Your connection to the natural world takes the form of a draconic spirit, which can manifest in physical form as a drake. As your powers grow, your drake grows as well, blossoming from a small four-legged companion to a majestic winged creature large and strong enough for you to ride. Along the way, you gain an increasing share of the awe-inspiring power of dragons. Consider the source of the draconic spirit you have bonded with. The Drakewarden Origin table offers examples

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So, I think what I’d do here is lean into the fact that (IME) most players who want a dragon friend want to ride them into battle, in the sky.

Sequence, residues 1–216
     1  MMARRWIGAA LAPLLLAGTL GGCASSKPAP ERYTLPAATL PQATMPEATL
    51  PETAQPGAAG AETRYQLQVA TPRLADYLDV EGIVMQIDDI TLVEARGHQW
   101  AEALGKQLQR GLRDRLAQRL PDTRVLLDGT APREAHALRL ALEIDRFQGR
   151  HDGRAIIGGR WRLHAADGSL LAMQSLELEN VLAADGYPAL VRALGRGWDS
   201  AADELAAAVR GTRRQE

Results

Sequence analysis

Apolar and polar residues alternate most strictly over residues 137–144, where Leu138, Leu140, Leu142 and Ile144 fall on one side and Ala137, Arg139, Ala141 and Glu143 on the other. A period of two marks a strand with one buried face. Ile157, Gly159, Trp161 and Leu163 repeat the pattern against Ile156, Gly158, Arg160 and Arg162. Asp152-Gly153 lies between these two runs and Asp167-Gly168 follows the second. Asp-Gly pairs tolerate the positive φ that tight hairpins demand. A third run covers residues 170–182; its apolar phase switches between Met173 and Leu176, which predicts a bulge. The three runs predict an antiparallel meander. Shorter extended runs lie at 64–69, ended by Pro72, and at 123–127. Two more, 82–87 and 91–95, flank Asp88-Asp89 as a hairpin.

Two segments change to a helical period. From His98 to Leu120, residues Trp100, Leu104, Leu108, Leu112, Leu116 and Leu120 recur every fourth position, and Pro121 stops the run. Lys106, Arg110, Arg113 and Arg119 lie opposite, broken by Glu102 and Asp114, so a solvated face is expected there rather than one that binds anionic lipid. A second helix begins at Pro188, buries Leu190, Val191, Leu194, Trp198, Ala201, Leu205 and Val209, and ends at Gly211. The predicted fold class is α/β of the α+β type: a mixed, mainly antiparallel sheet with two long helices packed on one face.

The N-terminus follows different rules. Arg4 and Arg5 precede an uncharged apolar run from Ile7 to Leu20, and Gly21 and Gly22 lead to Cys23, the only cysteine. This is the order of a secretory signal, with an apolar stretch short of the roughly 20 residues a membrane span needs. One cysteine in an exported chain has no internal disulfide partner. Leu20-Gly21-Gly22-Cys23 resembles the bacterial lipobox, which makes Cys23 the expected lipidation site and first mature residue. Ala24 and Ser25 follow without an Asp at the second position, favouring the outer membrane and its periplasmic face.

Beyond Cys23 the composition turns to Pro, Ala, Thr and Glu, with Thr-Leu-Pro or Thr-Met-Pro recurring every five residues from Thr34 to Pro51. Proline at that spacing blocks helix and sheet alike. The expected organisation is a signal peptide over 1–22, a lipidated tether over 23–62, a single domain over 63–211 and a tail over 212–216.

At level 3 it’s medium but can carry you as a rider on land even if you’re medium. It can also fly, but it isn’t a strong flyer yet. Without a rider it can fly for an hour at a time, and has to rest for at least an hour. With a rider, it can fly for 10 minutes, but still has to rest for an hour.

At level 7, it’s large and it can fly by itself as long as a flying PC could (ie up to the DM if they eventually require con saves or whatever against exhaustion), and can fly up to your wisdom mod in hours with a rider.

At level 15, it has wholly unlimited flight, and can carry two creatures in flight, and counts as huge for carrying stuff.


Then I’d also give the Ranger Enlarge/Reduce as an extra spell, no concentration when used on the drake, and basically make it so you can bring it into the dungeon even when it’s large.

Or, give it the ability to grow and shrink x/day, going from small to large, and eventually at high levels from tiny to huge. It’s a magical draconic spirit, after all.